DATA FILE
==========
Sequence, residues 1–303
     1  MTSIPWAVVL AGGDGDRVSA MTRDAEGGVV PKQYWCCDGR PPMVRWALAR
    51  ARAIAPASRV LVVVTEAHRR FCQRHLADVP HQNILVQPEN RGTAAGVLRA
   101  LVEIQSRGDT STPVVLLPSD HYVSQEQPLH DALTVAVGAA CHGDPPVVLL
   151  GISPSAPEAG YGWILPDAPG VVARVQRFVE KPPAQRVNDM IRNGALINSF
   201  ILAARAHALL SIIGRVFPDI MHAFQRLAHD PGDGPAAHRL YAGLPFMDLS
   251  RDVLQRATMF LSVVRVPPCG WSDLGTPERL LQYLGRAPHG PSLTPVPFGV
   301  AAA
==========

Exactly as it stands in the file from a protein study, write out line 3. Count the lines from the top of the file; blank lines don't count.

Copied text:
    51  ARAIAPASRV LVVVTEAHRR FCQRHLADVP HQNILVQPEN RGTAAGVLRA